Well put. But of course we cannot and will never know how long the earth will take to recover the level of species diversity it had before humans started our series of major extinction events. After the other great mass extinction events, it took in the range of millions to tens of millions of years for recovery. But humans are messing with life on so many levels, it could take another order of magnitude or so longer which pushes us into the time frame where the expanding sun makes any life on earth impossible.
Remember, human-driven extinctions started at least 100,00 years ago and happened every time humans entered a new ecosystem. Agriculture, starting about 10,000 years ago represented an even fuller war on anything that wasn't a crop or animal domesticated for human use. The age of European colonialism introduced an increasingly lethal form of life-annihilating technologies and ideologies to the globe, culminating with our current rapacious global industrial capitalism.
Along the way, humans brought thousands (at least) of species into areas they never would have entered (or only after many millennia, with time for adjustments by local populations), often with devastating results for local species.
Industrial production of chemicals has introduced tens of thousands of compounds that never would have been produced and that existing species have no way of breaking down or using.
We have unearthed and generated massive quantities of radioactive materials, with much more on the way if start a new round of nuclear plants or get into a nuclear war.
We have undermined the ozone shield that protects life from over-exposure to ultraviolet radation.
We have directly destroyed ecosystems, not only through agriculture, but through building cities, suburbs, paving over living soil with roads and parking lots...setting fires...dumping slag...strip mining...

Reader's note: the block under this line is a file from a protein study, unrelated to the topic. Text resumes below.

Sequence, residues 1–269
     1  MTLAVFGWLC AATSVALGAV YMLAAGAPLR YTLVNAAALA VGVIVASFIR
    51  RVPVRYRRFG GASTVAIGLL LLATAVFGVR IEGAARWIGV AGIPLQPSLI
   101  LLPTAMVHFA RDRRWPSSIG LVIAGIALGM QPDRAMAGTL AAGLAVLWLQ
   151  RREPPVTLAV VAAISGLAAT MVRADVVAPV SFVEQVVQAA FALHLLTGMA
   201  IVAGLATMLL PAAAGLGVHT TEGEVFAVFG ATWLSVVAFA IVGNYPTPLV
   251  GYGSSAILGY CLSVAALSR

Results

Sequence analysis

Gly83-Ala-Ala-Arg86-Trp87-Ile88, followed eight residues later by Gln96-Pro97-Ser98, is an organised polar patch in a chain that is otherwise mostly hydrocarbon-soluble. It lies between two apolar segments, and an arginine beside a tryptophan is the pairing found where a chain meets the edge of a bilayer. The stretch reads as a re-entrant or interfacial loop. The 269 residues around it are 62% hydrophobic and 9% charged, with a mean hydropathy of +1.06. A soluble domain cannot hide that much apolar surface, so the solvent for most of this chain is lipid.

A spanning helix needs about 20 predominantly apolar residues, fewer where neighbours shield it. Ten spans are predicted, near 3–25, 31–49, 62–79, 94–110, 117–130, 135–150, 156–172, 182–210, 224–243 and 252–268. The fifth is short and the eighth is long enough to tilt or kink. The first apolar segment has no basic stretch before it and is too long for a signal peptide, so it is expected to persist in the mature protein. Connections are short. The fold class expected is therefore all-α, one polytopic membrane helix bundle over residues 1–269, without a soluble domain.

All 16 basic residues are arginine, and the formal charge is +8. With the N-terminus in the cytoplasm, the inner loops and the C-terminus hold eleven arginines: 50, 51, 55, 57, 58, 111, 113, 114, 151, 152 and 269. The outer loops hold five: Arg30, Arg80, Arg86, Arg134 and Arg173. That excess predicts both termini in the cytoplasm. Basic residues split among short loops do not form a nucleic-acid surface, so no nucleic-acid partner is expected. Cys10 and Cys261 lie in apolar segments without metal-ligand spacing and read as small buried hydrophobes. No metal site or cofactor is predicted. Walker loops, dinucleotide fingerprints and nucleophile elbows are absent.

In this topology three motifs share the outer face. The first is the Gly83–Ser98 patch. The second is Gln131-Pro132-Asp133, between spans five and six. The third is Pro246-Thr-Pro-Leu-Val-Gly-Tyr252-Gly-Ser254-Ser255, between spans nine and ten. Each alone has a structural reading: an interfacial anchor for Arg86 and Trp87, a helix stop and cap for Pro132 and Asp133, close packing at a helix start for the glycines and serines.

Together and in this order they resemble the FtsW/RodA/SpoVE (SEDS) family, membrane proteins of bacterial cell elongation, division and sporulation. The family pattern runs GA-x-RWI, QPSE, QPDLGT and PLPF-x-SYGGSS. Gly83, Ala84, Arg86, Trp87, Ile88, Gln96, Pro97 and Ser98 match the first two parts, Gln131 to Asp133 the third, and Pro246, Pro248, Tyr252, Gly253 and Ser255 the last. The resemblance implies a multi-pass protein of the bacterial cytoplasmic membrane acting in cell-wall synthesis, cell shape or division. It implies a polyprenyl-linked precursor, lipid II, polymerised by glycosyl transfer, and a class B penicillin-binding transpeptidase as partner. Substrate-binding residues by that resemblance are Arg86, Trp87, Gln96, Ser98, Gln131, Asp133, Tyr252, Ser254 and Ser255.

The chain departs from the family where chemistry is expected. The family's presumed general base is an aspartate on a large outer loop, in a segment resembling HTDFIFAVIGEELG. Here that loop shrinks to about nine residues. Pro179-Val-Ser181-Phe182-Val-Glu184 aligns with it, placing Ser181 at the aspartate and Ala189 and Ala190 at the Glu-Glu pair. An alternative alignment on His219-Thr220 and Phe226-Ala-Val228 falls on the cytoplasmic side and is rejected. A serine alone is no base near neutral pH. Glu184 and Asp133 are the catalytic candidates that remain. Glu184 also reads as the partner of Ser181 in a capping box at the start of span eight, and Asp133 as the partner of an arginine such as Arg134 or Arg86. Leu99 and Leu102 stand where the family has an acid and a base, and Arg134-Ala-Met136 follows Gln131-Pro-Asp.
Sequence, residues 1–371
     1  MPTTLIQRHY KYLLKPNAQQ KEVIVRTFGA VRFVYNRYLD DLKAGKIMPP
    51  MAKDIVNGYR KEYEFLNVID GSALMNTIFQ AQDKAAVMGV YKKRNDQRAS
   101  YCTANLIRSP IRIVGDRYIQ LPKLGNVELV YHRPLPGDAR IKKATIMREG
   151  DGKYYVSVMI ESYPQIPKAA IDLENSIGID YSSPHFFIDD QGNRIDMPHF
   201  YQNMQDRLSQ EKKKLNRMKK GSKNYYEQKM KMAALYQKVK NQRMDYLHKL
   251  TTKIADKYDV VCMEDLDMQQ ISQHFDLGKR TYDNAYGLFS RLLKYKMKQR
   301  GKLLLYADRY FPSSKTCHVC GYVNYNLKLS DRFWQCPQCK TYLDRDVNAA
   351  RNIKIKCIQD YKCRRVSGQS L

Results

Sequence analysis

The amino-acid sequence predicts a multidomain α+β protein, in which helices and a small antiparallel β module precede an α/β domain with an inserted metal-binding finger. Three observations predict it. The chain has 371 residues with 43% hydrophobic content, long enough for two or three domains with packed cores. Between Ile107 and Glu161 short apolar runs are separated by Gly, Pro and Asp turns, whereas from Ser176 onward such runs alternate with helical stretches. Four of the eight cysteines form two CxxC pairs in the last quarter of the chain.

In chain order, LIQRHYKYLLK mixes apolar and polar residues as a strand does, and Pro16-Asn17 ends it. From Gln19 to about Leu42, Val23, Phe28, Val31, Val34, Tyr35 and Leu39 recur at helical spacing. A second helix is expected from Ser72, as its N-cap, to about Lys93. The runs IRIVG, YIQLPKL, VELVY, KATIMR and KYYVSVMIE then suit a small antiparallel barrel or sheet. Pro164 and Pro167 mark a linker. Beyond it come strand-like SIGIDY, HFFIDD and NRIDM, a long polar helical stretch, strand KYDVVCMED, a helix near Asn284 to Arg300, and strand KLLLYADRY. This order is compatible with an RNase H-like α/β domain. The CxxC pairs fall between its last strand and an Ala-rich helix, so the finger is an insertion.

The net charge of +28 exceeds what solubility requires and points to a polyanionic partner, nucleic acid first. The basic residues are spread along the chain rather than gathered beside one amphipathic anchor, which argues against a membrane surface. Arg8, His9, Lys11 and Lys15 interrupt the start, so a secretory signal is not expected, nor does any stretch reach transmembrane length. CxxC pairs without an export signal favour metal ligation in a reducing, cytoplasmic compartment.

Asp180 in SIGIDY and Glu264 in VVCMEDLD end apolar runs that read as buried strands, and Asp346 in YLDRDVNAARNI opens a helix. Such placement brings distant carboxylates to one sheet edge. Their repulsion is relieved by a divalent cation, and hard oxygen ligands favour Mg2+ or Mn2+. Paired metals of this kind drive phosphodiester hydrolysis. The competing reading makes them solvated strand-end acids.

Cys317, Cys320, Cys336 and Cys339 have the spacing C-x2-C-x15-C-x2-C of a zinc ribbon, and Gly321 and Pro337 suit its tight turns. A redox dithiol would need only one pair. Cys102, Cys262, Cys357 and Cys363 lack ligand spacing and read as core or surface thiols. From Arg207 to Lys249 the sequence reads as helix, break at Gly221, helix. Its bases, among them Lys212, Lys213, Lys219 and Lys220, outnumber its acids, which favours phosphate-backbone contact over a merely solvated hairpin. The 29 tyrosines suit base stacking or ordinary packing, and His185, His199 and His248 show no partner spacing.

We have fished most major food fish to depletion probably setting many on a path to extinction.
We have, through fishing, pollution and other means, destroyed most of aquatic life and we're still going at it.
We have created great death zones in the ocean where essentially nothing can live.
We have scattered vast quantities of plastics, including what amounts to nearly a new floating mini-continent of plastic in the Pacific, which actively kills creatures, and as if very slowly breaks down into smaller and smaller indigestible pieces continues to kill smaller and smaller creatures.
We have interrupted migratory patterns and avenues for species to move in responses to the other shocks we give them by creating vast monocultures (modern industrial farms), huge paved areas, highways...
All of these and more created what most biologists by the nineties recognized as the sixth great mass extinction event. But it turns out we were just barely getting started. The effects of global warming are just barely revving up.
A very sudden change in global temperatures by 6+degrees C (a sure thing now, according to more and more researchers) will make it impossible for most species (those that have survived our depredations up to now, that is) to survive in their current habitat, and as noted, we have made it extremely difficult for even mobile species to migrate to new areas. And of course for the many species adapted to mountain habitats, they will keep moving further up the mountain till there's no mountain left.
But CO2 isn't just overheating the planet; it's also acidifying the upper levels of the oceans where the plankton live that create most of our oxygen.
...I could go on, but I've gone too long already and we all know the drill by now. Humans are at war with the living earth, and we are close to a near total victory. At this point, even if we laid down our weapons (stopped extracting fossil fuels...) and our lives (stop having kids and extending life of the dying, or something more dramatic), the processes we have started, especially runaway global warming, would almost surely continue to wipe out most life on earth and existing infrastructure and pollution would continue to kill and to hamper adaption to a rapidly changing world.
As Elizabeth Kolbert pointed out in her recent article in The New Yorker, the asteroid that caused the K-T extinction event (if that was what did it) was basically a really bad afternoon in the history of life on earth. We've been a bad 100,000 years, with the last century being the worst of all.
And yes, it is awe inspiring in its way, I guess.
But don't count on getting by unscathed. When the summer north polar ice cap totally melts in the next few months or years, it will create havoc with the climate at least in the northern hemisphere and with the ocean currents and sea life (though of course companies are salivating at the chance to access yet more fossil fuels and other resources and transport corridors).link